Safe Streets outreach coordinator Dante Barksdale says right after a shooting, the injured almost always talk. "Some of them want revenge, right then and there," he says. "Some of them are afraid. They're thinking about their brother or their homeboy. 'Is my man all right? He was with me!' They're real vulnerable. They got questions."
The entrance to Sutter Davis Hospital in Davis, Calif. Sutter Health has hospitals in more than 100 communities in Northern California; it reported $11 billion in revenue last year, with an operating profit of $287 million.
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Carolyn Rossi, a registered nurse at the Hospital of Central Connecticut, says the opioid epidemic has required nurses who used to specialize in care for infants gain insights into caring for addicted mothers, as well.
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Blue skies in San Juan, Puerto Rico belie the U.S. territory's struggle with massive debt. The islands have a generous health care program that covers nearly everyone, but economists say it has never been adequately funded.
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Each year, between 8,000 and 9,000 people nationwide complain to the government about nursing home evictions, according to federal data. That makes evictions the leading category of all nursing home complaints.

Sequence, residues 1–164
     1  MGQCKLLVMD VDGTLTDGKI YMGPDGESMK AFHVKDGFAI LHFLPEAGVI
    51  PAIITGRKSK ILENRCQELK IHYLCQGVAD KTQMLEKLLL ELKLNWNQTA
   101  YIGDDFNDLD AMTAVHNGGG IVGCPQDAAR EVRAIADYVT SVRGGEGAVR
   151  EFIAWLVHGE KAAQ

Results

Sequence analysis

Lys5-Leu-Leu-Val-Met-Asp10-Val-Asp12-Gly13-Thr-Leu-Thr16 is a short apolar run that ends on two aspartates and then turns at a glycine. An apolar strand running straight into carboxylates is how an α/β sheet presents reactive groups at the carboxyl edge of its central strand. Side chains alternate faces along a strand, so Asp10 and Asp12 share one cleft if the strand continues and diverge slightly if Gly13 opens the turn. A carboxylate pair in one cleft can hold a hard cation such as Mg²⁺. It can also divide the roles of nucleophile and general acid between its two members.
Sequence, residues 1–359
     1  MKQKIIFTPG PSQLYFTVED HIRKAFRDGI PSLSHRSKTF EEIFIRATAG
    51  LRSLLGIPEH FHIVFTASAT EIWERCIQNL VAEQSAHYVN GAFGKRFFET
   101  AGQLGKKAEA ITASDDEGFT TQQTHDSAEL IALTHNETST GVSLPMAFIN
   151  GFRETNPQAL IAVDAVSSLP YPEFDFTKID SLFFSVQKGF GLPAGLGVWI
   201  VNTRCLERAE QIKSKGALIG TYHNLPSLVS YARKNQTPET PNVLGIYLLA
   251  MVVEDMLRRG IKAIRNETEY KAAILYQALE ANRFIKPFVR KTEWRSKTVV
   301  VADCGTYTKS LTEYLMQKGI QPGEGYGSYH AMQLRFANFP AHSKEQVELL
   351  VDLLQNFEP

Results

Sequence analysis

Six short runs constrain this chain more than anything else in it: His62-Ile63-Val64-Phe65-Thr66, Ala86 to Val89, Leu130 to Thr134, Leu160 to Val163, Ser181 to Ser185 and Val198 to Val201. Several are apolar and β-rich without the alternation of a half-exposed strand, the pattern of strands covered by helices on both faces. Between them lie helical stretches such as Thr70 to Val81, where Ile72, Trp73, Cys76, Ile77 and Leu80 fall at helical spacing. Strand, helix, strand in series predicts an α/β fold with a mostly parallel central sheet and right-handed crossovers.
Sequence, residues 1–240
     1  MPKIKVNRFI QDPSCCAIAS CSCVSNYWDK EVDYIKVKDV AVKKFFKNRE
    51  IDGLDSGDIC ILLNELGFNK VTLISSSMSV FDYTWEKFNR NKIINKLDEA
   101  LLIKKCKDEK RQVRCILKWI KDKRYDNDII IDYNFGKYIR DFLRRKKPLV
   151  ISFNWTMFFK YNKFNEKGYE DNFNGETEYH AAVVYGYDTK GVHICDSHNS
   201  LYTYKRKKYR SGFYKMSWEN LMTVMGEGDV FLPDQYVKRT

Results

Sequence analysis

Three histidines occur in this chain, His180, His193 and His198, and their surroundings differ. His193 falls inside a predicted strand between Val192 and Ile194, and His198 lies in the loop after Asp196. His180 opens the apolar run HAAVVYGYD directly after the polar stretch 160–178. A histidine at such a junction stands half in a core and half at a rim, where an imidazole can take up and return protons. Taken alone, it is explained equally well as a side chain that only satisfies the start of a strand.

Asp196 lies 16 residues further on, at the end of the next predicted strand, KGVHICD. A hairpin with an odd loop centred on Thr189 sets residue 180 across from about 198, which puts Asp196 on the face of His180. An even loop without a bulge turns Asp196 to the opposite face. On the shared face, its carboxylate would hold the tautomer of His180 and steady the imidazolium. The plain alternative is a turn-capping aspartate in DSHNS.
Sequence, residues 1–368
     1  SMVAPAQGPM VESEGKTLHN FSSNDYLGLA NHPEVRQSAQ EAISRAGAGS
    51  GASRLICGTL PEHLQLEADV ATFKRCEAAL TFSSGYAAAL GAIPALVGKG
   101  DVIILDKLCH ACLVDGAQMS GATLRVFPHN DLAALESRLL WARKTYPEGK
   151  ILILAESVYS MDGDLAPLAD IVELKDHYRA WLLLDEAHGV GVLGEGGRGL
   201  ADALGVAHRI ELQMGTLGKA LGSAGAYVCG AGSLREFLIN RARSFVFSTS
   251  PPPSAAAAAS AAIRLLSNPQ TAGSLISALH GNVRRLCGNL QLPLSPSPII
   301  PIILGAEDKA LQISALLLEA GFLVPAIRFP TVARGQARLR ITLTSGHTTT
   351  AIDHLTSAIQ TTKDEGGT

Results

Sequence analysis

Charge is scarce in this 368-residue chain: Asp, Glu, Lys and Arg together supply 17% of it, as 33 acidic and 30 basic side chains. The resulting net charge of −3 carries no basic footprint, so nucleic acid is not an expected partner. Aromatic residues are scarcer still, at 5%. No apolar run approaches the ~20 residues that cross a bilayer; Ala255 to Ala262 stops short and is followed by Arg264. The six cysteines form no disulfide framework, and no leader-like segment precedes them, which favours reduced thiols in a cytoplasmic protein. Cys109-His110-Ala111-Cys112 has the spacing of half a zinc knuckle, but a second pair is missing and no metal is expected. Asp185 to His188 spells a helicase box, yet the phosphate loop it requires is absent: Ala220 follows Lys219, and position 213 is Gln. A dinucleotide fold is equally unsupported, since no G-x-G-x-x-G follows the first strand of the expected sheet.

Criminologist Joseph Richardson is skeptical that the federal government alone can solve the data problem for police shootings. "There has to be a more pioneering, innovative approach to doing it," he says.
East Cleveland medic Anthony Savoy says his city's ambulances are diverted frequently to a hospital further away, and that can add one or two minutes to response times.
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The upshot from a study of more than 75,000 low-risk births is that "childbirth in the United States is very safe regardless of where you decide to do it," says Dr. Michael Greene, who directs obstetrics at the Massachusetts General Hospital in Boston.
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